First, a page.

Memory of a Kumano Kodo Pilgrimage (4)

I was disconnected from the rest of the world as my mobile phone was out of reach of any network. At the time I did not know that Softbank and au did not work in Kumano, only docomo was ok.

Undisturbed by phone calls and email requests and not distracted by the visual overload of adverts, I had nothing to listen to than nature’s sounds and nothing to look at than the expanse of forest and mountains in front of me. If it wasn’t for my inner voice…

It told me about all the things I had left unfinished in Tokyo before going on this trip and about all the actions-to-be-taken that were piling up during my absence from the connected world.

My inner voice turned out to be a chatterbox. It told me this and that about life in Tokyo, all of which was without relevance while walking here in the woods. Being so busy in my head sorting out priorities of things to do after my return, I did not even listen and see what was around me.

I had been walking like that for the first day and part of the second day when suddenly something caught my attention. It made me stop to have a closer look. It was a bright orange little crab that scurried across the trail in front of me! I did not know that crabs also lived in the mountains and later I learned that this was a freshwater crab.

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This little crab stopped my mind’s chatter for a moment. I thought of it as a little friend of mine: I am born a Cancerian, and here there was this little crab hurrying across the trail as I, absent-minded, almost stepped on it.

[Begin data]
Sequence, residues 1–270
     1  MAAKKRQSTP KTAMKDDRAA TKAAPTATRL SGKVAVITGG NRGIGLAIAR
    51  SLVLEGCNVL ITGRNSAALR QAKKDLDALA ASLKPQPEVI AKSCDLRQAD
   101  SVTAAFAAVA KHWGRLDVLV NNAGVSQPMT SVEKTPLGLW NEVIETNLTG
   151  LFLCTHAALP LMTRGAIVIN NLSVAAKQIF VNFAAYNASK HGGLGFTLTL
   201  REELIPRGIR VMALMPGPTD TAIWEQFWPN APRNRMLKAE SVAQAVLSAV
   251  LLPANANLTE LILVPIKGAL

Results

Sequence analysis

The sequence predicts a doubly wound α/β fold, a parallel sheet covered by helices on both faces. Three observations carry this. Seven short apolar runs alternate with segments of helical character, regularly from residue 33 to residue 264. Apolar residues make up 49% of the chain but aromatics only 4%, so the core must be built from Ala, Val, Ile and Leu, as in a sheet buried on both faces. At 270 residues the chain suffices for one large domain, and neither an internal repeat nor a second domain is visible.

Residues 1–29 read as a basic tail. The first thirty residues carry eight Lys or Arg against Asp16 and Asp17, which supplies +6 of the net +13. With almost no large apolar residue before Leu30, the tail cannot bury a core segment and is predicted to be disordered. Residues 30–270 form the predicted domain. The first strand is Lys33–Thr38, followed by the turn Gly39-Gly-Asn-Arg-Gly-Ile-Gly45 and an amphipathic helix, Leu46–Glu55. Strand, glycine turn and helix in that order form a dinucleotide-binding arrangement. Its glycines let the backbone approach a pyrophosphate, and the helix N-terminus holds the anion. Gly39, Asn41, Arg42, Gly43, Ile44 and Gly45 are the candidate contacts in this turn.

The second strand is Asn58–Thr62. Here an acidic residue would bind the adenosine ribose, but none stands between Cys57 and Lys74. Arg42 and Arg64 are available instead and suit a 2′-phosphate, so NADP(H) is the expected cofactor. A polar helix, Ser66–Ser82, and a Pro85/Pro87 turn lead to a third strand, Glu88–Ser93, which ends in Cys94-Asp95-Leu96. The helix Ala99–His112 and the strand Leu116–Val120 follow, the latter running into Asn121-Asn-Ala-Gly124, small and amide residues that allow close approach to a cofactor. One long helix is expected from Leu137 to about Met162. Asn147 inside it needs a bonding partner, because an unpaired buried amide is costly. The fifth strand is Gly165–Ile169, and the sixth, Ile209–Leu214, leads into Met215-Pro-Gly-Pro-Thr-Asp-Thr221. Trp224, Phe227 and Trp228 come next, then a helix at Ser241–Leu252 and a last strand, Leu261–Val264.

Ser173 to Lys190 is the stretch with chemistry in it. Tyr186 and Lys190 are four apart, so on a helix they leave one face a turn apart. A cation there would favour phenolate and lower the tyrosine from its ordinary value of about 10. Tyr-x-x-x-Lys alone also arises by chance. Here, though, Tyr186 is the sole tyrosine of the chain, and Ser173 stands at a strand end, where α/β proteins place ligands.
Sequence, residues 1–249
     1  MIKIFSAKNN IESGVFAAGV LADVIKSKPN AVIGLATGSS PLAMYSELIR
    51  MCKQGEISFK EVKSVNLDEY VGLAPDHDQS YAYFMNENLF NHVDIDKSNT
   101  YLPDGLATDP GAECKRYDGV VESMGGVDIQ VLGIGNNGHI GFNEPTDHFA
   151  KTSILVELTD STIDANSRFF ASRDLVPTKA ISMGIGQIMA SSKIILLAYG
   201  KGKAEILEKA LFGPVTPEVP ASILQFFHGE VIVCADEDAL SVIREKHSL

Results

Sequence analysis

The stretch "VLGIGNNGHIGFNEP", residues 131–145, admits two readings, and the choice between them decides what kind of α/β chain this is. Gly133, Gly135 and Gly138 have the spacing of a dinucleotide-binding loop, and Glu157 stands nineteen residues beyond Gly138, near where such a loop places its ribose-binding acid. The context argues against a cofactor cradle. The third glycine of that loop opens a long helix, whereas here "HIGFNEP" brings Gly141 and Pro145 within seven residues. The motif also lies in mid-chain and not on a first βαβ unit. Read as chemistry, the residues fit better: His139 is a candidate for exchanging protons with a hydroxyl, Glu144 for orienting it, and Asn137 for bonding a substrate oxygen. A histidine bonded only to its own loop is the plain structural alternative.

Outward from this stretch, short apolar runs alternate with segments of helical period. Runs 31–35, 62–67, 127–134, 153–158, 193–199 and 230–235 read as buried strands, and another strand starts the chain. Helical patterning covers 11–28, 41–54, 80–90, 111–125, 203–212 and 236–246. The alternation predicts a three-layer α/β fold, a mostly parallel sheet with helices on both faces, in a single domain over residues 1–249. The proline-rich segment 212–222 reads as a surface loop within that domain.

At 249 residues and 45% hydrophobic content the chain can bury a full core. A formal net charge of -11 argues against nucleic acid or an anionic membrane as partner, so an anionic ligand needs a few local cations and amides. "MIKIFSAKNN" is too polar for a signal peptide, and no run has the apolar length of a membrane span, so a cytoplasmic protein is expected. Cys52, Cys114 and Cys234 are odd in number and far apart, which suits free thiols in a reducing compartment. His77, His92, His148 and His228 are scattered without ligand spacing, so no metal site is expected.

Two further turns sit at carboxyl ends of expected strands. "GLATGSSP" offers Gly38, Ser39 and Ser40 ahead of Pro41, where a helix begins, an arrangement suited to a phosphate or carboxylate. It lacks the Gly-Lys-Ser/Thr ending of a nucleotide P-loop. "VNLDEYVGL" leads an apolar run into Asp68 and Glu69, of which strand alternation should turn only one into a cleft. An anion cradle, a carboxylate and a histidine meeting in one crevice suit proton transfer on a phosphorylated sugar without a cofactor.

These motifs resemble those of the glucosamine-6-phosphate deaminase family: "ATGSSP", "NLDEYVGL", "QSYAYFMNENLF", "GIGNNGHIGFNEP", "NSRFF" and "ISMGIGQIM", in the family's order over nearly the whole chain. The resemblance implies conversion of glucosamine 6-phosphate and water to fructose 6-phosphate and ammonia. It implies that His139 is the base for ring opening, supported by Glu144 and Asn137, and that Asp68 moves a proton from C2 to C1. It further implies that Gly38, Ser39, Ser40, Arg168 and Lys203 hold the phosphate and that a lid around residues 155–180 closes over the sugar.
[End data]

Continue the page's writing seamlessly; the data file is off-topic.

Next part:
It dawned on me that my walk in the woods somehow resembled how I was walking through life. Often I am so busy with myself that I don’t hear and see what is plain in front of me. Being in my own little world, the real world passes me by. Only when I stop, and look and listen, do I really see and hear.

Struggling up a steep hill to get to the next mountain pass, I get tired and sit down to rest at a lookout point. The serene beauty of the Kumano landscape eventually even stops the chatterbox inside.

Thinking nothing anymore, just taking all in with my five senses:

I see the multiple-shaded leaves of the fresh spring green, the shadows cast by cotton-wool clouds on the mountain slopes and the curled-up young leaves ferns growing toward the beams of sunlight shining through the forest canopy.

 I hear the sharp cry of a kite in graceful flight high up in the sky, the deep humming of bumble-bees busily collecting their first nectar of the season, and the dreamlike barking of a dog in a distant village.

 I smell the sweets scents from the colorful blossoms of nearby bushes and the earthy-wet scent from a bubbling creak in the valley.

 I touch the bark of some trees, tempted to hug a tree (I did not know then that hugging a tree would become popular!).

Sitting there for a long while, I was not thinking anymore; not seeking the meaning of life anymore. I just enjoyed being there in that very moment. I felt blessed indeed on what I thought was a rare occasion of sheer bliss.

There was a voice very far away and almost not audible that said: Alena, why don’t you come again to Kumano? This is when I decided to walk the Kohechi trail of the Kumano Kodo in the following year during Golden Week.

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